3 Teacher unions make demands on govt

Three pre-tertiary education labour unions have given the government up to the end of September this year to address a number of issues affecting their members as well as teaching and learning in schools.

They said anything short of that would cause them to advise themselves.

The Ghana National Association of Teachers (GNAT), the National Association of Graduate Teachers (NAGRAT) and the Coalition of Concerned Teachers Ghana (CCT-GH) said the lack of textbooks, overcrowded classrooms, delay in payment of capitation grant, increase in workload and the non-payment of responsibility allowances were some of the issues.

They further mentioned teacher promotion, refusal to appoint teachers in offices, transfer of teachers in Special schools, signing of performance contract without the involvement of unions as other concerns.

“We the teacher unions are hereby serving notice that if by the close of September 2021 all these issues are not resolved in full by the employer, we will have no option but to advise ourselves in the best interest of our members within the framework of our collective agreement and the applicable laws of Ghana,” the General Secretary of GNAT, Mr Thomas Musah, said on behalf of the unions at a news conference in Accra on Tuesday.


Mr Musah indicated that in spite of the progress the country had made in improving access to education, there were still challenges inhibiting thousands, adding that the authorities had failed to provide teachers and pupils with modern aids to teaching and learning.

“There are no textbooks, school environment is not conducive for learning, classes are overcrowded, the payment of capitation grant and administrative resources are delayed, among others,” he said.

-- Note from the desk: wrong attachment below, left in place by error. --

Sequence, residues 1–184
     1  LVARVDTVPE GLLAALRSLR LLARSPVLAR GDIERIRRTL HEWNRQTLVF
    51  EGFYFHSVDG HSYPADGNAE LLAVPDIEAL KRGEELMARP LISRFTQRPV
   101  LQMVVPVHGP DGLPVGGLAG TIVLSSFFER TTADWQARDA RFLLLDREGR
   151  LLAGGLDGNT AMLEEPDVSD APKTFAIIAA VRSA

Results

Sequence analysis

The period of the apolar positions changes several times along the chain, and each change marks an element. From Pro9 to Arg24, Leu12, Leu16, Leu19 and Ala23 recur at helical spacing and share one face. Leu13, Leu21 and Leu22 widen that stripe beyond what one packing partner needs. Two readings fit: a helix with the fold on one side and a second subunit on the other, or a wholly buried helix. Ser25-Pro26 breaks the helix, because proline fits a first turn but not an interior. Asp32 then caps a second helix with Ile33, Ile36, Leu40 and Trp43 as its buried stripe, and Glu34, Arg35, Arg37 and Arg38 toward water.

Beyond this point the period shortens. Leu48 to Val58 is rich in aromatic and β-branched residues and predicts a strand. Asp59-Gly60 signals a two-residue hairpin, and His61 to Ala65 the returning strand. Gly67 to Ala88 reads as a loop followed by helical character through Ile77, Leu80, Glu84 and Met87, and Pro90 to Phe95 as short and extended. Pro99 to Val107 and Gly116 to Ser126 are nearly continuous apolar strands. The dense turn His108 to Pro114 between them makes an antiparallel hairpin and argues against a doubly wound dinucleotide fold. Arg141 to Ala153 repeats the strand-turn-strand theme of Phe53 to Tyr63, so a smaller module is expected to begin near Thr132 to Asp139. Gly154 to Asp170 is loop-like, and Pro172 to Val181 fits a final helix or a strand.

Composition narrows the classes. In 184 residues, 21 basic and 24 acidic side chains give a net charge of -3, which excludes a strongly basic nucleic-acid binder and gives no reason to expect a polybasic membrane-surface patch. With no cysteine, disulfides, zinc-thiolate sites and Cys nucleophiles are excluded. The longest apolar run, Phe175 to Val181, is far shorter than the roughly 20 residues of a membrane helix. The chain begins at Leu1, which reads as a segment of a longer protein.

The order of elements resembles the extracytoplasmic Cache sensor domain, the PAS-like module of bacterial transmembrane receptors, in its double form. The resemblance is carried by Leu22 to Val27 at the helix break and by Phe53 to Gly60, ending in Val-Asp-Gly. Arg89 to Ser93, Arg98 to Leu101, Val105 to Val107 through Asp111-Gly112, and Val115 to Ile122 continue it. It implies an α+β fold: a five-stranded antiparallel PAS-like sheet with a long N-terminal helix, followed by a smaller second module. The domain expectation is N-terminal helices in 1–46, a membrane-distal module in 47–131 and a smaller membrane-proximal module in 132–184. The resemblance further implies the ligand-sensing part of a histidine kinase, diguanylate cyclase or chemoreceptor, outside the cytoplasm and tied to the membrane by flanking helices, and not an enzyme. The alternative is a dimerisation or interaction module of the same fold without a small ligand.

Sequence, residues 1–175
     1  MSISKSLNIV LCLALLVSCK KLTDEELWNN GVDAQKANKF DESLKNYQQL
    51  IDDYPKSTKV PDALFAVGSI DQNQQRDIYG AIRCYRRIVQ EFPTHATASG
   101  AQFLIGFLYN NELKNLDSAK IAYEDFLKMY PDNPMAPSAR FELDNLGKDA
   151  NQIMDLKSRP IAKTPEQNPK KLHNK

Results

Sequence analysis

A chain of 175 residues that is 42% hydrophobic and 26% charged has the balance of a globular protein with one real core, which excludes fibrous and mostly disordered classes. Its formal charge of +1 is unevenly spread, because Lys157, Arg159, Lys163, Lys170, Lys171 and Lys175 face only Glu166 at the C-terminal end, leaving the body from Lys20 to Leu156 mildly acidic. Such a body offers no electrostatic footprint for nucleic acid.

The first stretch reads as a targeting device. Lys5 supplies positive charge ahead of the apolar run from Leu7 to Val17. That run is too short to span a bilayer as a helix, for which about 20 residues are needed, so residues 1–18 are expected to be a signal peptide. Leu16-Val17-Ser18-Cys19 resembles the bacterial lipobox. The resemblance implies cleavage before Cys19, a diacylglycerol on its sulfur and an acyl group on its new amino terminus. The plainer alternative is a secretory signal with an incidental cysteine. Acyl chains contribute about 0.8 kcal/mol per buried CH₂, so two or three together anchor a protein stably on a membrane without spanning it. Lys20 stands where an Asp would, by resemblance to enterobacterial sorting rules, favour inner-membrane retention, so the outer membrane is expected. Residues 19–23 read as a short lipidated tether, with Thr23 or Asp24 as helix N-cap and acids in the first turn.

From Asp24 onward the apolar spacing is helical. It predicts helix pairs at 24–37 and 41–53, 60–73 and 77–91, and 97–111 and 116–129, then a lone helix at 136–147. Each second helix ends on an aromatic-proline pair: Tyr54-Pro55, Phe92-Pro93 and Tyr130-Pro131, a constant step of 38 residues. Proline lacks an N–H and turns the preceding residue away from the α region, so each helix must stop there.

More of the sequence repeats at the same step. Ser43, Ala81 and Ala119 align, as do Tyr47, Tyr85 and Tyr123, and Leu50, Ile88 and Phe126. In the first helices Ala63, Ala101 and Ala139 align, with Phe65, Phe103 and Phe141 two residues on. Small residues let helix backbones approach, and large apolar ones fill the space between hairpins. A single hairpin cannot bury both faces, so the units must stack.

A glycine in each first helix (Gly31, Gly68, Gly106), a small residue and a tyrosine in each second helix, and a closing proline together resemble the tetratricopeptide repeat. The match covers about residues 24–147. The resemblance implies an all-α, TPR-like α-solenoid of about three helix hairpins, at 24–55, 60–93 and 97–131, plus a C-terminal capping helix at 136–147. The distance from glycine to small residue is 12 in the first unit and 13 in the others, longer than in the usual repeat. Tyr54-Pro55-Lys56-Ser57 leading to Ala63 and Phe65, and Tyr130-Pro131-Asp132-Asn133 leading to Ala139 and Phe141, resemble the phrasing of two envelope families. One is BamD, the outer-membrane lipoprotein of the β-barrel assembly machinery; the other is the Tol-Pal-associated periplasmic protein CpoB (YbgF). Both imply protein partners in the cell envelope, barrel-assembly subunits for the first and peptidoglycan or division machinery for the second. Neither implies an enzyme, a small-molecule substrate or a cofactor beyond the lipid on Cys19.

The poor quality of education, he said, could be seen in the results of students in first cycle schools in the country.

Mr Musah said the hours teachers were required to work per day and per week should be determined by the Ghana Education Service (GES) and the teacher unions as enjoined by the collective agreement.


Regrettably, he said, the GES had not only increased the workload of teachers, but also failed to compensate the affected teachers.

Again, he said, the slow pace of the GES system in upgrading teachers who financed themselves to acquire degrees and those who had completed their study leave with pay was worrying and demoralising.

“It is pertinent to note that even with the teachers who have been upgraded, they were not paid on the effective or substantive dates they were upgraded. The disturbing issue is that some were given three months arrears, while the majority received nothing,” he emphasised.

Moreover, Mr Musah said, there were teachers who held various positions of responsibility who were entitled to responsibility allowances, but their allowances had been stopped after they were promoted to other ranks.

“Despite several efforts by the teachers and the teacher unions, a greater number of the teachers have not had their allowances restored,” he said.

He mentioned other benefits that were yet to be honoured as car maintenance allowance, rent advance, allowance for teachers in deprived areas and additional duty allowance.

He expressed concern over the transfer of teachers in Special schools, and charged the GES to suspend the action.

He also called on the GES to suspend the signing of performance contracts with heads of institutions until it was discussed with the unions.



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